Friday, November 20, 2009

Who would like to see the real Keynes in the twenty-first century?

Thanks to Lewrockwell and Mises Institute for constantly reminding us to understand the real tragedy of Keynes’s German Language and his arrogance towards Mises’s book.

The following paragraphs are from Murray N. Rothbard’s classic article. Till now I have read at least twenty times!!
  • “One striking illustration of Maynard Keynes's unjustified arrogance and intellectual irresponsibility was his reaction to Ludwig von Mises's brilliant and pioneering Treatise on Money and Credit, published in German in 1912. Keynes had recently been made the editor of Britain's leading scholarly economic periodical, Cambridge University's Economic Journal. He reviewed Mises's book, giving it short shrift. The book, he wrote condescendingly, had "considerable merit" and was "enlightened," and its author was definitely "widely read," but Keynes expressed his disappointment that the book was neither "constructive" nor "original" (Keynes 1914). This brusque reaction managed to kill any interest in Mises's book in Great Britain, and Money and Credit remained untranslated for two fateful decades.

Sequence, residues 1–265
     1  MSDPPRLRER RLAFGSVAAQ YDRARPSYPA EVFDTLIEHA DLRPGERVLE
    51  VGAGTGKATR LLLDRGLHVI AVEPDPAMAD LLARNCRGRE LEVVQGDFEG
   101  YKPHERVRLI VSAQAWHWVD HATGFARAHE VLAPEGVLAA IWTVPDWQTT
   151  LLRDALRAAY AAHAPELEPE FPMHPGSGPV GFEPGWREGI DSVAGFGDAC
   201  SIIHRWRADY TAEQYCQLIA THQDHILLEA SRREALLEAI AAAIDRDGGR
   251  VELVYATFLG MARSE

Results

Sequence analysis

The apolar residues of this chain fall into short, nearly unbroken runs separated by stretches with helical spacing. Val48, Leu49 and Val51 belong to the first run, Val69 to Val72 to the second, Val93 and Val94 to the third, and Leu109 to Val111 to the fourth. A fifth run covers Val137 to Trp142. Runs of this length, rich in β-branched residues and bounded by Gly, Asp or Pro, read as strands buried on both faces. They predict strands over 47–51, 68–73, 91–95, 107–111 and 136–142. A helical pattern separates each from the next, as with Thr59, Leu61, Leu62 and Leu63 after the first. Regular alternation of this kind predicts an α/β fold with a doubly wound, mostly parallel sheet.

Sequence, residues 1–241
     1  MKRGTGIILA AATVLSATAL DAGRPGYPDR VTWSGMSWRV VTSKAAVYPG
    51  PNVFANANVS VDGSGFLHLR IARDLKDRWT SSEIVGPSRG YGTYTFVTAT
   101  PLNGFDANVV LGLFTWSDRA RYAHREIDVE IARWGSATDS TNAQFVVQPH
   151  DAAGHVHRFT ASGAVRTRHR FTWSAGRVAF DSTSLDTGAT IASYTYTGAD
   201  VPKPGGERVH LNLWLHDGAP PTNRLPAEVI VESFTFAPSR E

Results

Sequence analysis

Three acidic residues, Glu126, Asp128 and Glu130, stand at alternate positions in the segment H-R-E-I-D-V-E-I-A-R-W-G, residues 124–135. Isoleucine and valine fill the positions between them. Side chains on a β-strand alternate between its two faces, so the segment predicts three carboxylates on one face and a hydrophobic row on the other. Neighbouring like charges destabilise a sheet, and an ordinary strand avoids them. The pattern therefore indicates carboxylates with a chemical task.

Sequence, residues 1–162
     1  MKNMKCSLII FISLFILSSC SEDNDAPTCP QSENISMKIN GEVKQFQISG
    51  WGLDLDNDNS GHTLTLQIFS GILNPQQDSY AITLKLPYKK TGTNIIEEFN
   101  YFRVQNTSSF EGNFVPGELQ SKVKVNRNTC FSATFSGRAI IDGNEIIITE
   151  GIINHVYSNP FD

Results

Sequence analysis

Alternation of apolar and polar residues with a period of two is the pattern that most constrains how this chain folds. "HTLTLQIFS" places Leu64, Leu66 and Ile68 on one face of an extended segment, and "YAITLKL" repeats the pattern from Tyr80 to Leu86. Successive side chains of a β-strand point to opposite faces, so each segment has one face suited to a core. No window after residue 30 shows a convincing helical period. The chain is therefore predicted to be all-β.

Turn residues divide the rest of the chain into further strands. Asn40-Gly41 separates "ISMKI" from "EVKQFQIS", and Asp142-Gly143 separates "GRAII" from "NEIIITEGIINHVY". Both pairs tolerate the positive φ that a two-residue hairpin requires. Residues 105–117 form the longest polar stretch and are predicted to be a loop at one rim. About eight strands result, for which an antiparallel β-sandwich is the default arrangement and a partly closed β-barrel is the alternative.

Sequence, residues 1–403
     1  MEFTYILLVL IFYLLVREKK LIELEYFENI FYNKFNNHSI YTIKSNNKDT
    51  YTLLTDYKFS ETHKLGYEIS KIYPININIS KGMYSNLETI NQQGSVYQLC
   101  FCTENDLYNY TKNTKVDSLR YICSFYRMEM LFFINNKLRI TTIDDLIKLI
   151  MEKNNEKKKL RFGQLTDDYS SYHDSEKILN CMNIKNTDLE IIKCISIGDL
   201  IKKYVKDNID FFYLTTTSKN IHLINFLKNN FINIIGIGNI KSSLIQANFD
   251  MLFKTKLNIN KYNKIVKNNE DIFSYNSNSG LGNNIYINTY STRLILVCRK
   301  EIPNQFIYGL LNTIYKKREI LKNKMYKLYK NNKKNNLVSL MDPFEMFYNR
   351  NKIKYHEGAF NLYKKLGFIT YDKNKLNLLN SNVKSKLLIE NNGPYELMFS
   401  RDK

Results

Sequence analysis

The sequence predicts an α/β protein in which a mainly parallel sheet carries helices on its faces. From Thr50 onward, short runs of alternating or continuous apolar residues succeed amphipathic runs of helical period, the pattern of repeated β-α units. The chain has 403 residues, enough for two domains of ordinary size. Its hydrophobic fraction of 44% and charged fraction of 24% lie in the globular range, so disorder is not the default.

• The peculiar point about Keynes's review is that Mises's book was highly constructive and systematic, as well as remarkably original. How could Keynes not have seen that? This puzzle was cleared up a decade and a half later, when, in a footnote to his own Treatise on Money, Keynes impishly admitted that "in German, I can only clearly understand what I already know – so that new ideas are apt to be veiled from me by the difficulties of the language" (Keynes 1930a: I, p. 199 n.2). Such unmitigated gall. This was Keynes to the hilt: to review a book in a language where he was incapable of grasping new ideas, and then to attack that book for not containing anything new, is the height of arrogance and irresponsibility.[4]
Notes No 4:
  • In view of his friendship with Keynes, Hayek's account of this episode characteristically misses Keynes's arrogance and gall, treating the story as if it were merely unfortunate that Keynes did not know German better: "The world might have been saved much suffering if Lord Keynes's German had been a little better" (Hayek [1956] 1984: 219; see also Rothbard 1988: 28).”

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